Selecting a tank is not a decision that should be made in isolation. At this point you probably already have an idea of where you would like to put the tank, such as on a dresser in your bedroom or office, or part of your living room or family room. In order to avoid costly or irreparable mistakes, I highly recommend that you should also have a good idea of the lighting and filtration for your future set-up. The goal of this article is to help you avoid some common mistakes, or mistakes that I have made, when accumulating the components of your system.

The Red Sea Reefer series aquariums are a popular choice for many new reefers because it includes just about every major piece of equipment that you will need and eliminates the need for major DIY projects.

Piecing together your own system: Size considerations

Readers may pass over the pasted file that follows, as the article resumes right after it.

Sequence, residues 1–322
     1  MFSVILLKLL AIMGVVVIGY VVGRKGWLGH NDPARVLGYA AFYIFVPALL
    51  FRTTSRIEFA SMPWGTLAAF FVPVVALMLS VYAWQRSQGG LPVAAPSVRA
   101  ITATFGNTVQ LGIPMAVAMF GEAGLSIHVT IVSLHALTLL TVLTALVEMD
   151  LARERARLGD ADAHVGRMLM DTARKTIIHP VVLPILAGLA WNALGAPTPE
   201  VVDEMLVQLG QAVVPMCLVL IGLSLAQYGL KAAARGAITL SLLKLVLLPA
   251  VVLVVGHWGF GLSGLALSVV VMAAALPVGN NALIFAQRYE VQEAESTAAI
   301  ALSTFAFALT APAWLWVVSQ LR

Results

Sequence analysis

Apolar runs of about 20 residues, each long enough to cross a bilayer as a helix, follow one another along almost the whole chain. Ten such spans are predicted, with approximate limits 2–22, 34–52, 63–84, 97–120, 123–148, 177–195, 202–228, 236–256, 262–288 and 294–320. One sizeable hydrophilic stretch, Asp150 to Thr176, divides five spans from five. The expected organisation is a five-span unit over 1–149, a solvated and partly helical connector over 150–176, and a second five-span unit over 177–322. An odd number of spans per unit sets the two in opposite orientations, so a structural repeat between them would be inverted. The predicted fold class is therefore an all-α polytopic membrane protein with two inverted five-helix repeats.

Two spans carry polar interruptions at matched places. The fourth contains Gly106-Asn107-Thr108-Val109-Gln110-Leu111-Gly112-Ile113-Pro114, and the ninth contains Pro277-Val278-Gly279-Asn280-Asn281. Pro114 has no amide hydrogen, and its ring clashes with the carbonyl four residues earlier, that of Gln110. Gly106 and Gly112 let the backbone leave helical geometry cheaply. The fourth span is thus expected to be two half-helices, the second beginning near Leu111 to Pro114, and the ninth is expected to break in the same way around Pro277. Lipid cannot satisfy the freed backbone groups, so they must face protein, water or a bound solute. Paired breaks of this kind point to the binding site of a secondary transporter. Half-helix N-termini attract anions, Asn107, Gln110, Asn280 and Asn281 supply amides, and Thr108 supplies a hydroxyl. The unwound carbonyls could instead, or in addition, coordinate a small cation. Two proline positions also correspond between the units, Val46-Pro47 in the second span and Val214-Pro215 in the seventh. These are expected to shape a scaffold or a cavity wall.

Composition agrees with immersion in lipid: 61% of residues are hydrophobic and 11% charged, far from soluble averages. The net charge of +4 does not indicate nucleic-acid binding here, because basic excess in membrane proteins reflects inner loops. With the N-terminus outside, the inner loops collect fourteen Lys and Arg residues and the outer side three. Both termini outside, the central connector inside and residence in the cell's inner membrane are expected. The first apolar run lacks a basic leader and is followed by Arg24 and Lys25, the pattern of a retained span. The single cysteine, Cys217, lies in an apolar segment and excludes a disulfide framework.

The location of your tank is likely going to dictate the general size of your aquarium but there is more to think about in terms of dimensions when designing your slice of the ocean. There’s a fundamental difference between tanks designed for fish-only applications and those for reef tanks. Aquariums that are designed for fish-only are made to show off the fish, so the footprint tends to be small while the height of the tank tends to be relatively tall. This forces, or encourages, the fish to swim upwards in plain view instead of hiding among the aquascape. A good example of this is the standard 55 gallon which appears to be a large aquarium because it’s 48″ long and 20″ tall, but front and back it’s very narrow at only 13 inches.